Indigenous Innovators: Calling on Community Allies

Indigenous Innovators: Calling on Community Allies

Indigenous Innovators: Calling on Community Allies

This podcast episode is a part of Animikii’s multimedia Indigenous Innovators series, in which we profile Indigenous leaders, activists, artists and entrepreneurs to better understand the challenges and opportunities Indigenous Peoples face in Canada today.

This third podcast episode of the series centres on a discussion with Animikii’s Producer, Jordyn, Animikii’s Front-End Developer, Dakota, and the Inuit student and activist from Baker Lake, Trina Qaqqaq. Animikii first learned of Trina’s activism through the passionate and thoughtful speech that she delivered in the Canadian House of Commons as part of the Daughters of the Vote initiative. We shared an impactful quote from Trina's speech as part of our Indigenous Innovators series and the post gained wide traction from our online followers and outside Animikii's networks. Realizing that her message was resonating with our audience, Trina soon reached out to Animikii to talk to us about her growing online initiative called, ᑐᕼᐋᖓ Tuhaanga Hear Me, ᓄᓇᕗᑦ Nunavut (Tuhaanga) that aims to share stories of life in the North. Animikii and Trina have been working together since then to develop some joint projects and to share experiences.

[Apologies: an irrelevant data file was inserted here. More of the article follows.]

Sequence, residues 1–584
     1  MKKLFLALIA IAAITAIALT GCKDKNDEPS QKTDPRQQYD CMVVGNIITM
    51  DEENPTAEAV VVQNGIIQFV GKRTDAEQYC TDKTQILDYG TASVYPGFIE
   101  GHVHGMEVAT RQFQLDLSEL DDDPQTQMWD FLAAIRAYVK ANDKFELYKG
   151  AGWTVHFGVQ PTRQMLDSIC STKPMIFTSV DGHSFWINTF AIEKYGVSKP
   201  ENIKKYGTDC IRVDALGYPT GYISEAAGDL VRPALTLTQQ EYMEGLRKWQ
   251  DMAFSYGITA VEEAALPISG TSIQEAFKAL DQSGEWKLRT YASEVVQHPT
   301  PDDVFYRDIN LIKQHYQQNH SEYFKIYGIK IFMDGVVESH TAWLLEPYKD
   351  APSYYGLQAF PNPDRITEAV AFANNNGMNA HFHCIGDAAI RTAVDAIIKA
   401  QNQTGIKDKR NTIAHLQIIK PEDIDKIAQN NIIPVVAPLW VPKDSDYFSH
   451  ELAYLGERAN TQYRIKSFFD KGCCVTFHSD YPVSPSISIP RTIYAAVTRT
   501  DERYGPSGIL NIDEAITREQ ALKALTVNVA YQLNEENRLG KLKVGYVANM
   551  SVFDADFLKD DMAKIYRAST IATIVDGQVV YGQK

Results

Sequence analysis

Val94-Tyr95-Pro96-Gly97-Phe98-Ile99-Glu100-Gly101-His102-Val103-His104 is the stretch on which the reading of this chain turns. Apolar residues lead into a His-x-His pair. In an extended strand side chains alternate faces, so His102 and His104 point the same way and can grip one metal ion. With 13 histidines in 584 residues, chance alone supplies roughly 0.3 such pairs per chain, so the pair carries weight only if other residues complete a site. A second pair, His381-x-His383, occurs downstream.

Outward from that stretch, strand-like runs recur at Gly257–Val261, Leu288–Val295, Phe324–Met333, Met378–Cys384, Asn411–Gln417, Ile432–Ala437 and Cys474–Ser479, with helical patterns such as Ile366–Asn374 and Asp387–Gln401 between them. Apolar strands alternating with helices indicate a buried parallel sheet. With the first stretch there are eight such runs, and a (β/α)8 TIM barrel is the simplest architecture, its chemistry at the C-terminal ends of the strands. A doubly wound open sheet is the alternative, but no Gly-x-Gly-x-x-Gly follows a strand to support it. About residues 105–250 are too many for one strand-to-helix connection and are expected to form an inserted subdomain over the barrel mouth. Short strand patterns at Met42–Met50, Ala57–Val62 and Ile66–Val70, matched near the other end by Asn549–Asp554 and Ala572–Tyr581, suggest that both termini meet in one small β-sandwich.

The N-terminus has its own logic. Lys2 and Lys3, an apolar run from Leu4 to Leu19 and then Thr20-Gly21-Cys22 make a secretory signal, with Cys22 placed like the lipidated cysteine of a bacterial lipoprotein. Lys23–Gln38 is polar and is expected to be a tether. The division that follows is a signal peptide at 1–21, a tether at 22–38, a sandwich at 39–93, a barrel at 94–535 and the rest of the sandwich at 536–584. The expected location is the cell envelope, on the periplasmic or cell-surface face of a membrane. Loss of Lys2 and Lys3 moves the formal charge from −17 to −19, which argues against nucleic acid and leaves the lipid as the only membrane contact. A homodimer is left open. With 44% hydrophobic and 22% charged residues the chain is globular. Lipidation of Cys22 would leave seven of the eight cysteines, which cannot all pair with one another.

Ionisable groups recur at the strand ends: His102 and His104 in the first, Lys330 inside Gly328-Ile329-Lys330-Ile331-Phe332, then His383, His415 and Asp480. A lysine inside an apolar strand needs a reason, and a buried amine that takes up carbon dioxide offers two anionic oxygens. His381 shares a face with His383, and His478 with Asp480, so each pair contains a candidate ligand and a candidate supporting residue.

II Post

"I was calling out the people that can make change - Trudeau what are you doing? I wish I put his name directly in there because that's who I was calling on." 

- Trina Qaqqaq

Trina is currently a student of Business Administration and Human Resource Management at Sir Sandford Fleming College in Peterborough, Ontario. Her presence as an Inuit activist is growing and we look forward to supporting her in any way we can - at the very least, following what is sure to be a long and passionate career in activism.

In this episode, Jordyn, Dakota and Trina discuss what it means to be an effective ally to Inuit Peoples. They discuss issues of identity and belonging, particularly as it relates to being a Northern Inuit person living and working in the Southern Canadian context. The trio takes a deeper look at Trina’s motivations for joining the activism space and talks about what she hopes to accomplish with her growing projects. Trina speaks clearly and passionately about issues that Northern Canadians face and she provides important insight for all Southern Canadians to consider.

Article published June 13, 2017.

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